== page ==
The GUI is scalable up to 200%. 100% is already a decent size on my 1080p screen, and 150% pretty much fills it vertically, while 200% should be handy for high‑DPI screens. I also found 200% useful with my 1080p touchscreen; while it’s slightly larger than the screen can accommodate, all the knobs fit onscreen and become really easy to turn in finer increments (eg. the finest 0.25dB steps for the Input gain).

In Use

Whether you prefer to use the plug‑in, the hardware controls or both, operation is really intuitive. The behaviour in terms of gain reduction is in classic vari‑mu territory, though with the fastest attack times there’s perhaps a touch more of the ‘modern’ and ‘solid’ about the sound than you might expect. Yes, it always remains flattering and expansive, there’s a certainly flair and sparkle, it exhibits that ‘easiness’ that feedback compressors always do, and yes it’s well suited to use on a stereo mix bus or in a mastering setup. But used in this way, it also tends towards a rather ‘tighter’ and more ‘focused’ sound than vintage‑style vari‑mus are typically capable of, and I found that really handy on the drum bus generally, and especially for parallel compression on a rock mix’s drum‑plus‑bass bus.

Setting aside the compression for a moment (which you can do simply by setting the threshold to max, fully clockwise), it’s possible to use the Input and Output level controls to use the tubes‑plus‑transformers circuitry as a distortion/saturation processor. There’s a significant and very audible difference in the level of harmonics across the Input control’s range, with second and third harmonics becoming increasingly audible as you start to turn it away from the fully anticlockwise position, and higher harmonics making a greater contribution as you get towards the extremes. As you then start to bring down the threshold and gain reduction is increasingly applied, the contribution those harmonics make to the sound increases. As you’d expect of tubes and transformers, it’s generally a pleasing character; a combination of thickness at the low end and low mids, and a sort of ‘flair’ higher up.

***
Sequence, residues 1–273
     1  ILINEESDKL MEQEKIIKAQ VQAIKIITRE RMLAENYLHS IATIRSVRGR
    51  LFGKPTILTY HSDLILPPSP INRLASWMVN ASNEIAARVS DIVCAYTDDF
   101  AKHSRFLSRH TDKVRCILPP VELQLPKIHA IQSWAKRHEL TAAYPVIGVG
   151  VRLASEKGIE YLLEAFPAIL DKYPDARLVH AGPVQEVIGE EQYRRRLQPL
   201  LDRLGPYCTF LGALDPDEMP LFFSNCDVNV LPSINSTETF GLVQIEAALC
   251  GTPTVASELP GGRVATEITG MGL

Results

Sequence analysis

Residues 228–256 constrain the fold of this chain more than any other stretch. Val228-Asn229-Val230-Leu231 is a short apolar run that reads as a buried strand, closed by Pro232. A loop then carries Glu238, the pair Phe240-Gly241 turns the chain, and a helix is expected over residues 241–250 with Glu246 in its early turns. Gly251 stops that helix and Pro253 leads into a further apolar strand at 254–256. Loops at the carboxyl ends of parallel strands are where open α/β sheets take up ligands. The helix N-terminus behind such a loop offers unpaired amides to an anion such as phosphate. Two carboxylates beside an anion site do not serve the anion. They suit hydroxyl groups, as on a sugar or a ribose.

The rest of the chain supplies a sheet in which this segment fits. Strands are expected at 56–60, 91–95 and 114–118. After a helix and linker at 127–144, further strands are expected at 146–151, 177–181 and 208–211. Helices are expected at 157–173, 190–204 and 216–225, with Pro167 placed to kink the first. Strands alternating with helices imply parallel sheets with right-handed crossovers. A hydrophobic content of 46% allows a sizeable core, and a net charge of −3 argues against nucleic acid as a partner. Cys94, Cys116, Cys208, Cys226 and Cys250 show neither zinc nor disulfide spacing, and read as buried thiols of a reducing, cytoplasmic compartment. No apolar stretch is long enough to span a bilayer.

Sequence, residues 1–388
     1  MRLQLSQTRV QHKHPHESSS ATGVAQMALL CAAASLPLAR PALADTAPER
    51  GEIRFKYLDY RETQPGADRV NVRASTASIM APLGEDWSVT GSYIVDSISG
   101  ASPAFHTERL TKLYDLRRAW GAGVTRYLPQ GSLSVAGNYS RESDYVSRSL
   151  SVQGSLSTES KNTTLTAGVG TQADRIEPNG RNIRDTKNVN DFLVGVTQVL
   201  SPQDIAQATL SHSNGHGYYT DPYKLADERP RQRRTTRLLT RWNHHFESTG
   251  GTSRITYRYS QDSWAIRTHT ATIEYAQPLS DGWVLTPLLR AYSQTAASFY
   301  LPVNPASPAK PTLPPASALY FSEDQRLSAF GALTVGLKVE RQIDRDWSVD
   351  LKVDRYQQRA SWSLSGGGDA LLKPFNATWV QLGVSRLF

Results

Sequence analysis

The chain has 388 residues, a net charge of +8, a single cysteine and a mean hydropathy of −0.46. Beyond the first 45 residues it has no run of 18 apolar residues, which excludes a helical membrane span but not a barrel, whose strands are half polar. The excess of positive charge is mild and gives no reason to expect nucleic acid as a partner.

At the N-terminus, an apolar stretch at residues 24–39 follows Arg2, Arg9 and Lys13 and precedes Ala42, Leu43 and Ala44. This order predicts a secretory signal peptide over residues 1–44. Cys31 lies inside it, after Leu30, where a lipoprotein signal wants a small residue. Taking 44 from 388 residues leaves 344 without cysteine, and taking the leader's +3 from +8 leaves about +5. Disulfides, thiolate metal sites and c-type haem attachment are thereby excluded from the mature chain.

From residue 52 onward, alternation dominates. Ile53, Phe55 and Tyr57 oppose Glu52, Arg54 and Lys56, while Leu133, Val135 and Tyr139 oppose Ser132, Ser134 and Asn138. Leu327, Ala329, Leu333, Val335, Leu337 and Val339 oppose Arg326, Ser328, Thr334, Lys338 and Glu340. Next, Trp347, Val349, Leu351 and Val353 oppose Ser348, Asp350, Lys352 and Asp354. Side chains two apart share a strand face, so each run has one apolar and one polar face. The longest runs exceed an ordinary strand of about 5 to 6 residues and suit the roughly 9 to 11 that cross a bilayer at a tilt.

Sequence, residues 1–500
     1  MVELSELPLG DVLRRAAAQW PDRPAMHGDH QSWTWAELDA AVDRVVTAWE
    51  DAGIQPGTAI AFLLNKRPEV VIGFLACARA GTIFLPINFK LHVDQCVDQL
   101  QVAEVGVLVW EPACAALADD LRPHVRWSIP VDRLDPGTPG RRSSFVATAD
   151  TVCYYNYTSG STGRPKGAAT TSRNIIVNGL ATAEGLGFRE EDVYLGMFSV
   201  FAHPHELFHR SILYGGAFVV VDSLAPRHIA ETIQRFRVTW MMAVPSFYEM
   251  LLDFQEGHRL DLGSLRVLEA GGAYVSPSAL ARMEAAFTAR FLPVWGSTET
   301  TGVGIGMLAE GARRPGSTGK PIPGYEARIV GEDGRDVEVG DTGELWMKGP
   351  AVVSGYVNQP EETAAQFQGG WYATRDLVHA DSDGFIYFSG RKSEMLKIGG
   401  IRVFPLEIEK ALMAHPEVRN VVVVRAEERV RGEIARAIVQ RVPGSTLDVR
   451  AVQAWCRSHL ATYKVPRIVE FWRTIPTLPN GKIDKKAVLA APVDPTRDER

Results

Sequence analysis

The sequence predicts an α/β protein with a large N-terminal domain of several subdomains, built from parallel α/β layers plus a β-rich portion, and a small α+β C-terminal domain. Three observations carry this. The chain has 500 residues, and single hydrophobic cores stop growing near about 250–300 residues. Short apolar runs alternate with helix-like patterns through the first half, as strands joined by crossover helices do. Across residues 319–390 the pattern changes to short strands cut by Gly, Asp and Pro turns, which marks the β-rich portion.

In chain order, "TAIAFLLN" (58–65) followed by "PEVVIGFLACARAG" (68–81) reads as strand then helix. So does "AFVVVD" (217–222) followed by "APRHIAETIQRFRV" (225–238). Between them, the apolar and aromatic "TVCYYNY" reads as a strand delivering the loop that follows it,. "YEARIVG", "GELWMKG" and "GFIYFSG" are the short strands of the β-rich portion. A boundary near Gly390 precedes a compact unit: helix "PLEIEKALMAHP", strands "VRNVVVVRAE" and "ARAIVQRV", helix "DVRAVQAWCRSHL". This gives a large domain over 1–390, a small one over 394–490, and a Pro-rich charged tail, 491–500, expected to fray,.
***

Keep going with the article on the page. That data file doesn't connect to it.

You can use your DAW’s plug‑in automation to capture any moves you make, whether on the hardware or software.

Between the Input, Threshold and Output knobs, then, you already have a huge amount of creative tonal control. But there’s also the dedicated THD facility, whose contribution in other Wes devices I’ve explored before and whose appeal is probably greatest on the drum bus or perhaps basses (whether guitar or synth). I’m sure plenty of people will enjoy it on other instruments but this is where it seems to work best for me! Do bear in mind when assessing the contribution of the THD settings that each step up adds about 1.5dB to the overall signal level. While I’m on the subject of levels, the review unit’s two channels were always closely matched, regardless of the settings.


In short, then, this is yet another very appealing processor by Wes Audio. Sonically, it’s firmly in vari‑mu territory, and while it does have its own sound there’s nothing really ‘quirky’ about it; I like it very much. And with the wet/dry mix for parallel compression, a pretty snappy fastest attack for a valve compressor, the THD feature and the ability to drive the circuitry harder to really put the signal in its sonic sweet spot before fine‑tuning the gain reduction, there’s so much control available. Then there’s the price... There are very few stereo vari‑mus available for this sort of money, and this one boasts huge USPs: precise digital control and recall on the hardware, and slick DAW plug‑in remote control. As I’ve opined before, I reckon Wes have really nailed that side of things.

If you’re into your analogue hardware, fancy a vari‑mu and like the idea of instant recall, you owe it to yourself to check out the Rhea. I wonder if Wes might think about a rackmount version like their ngBusComp. Hmm...


  • It’s a vari‑mu, and it sounds great!
  • Option for pretty fast attack times.
  • Versatile feature set.
  • Full digital recall of analogue settings.
  • Plug‑in remote control and works with DAW automation.
  • Keenly priced for a stereo vari‑mu.


  • Runs a tad warm.
  • Labelling not always easy to see.


Wes remain at the top of their game: this is a stunningly good processor that blends high‑quality analogue electronics with digital control and seamless integration with your DAW.


£1199 including VAT.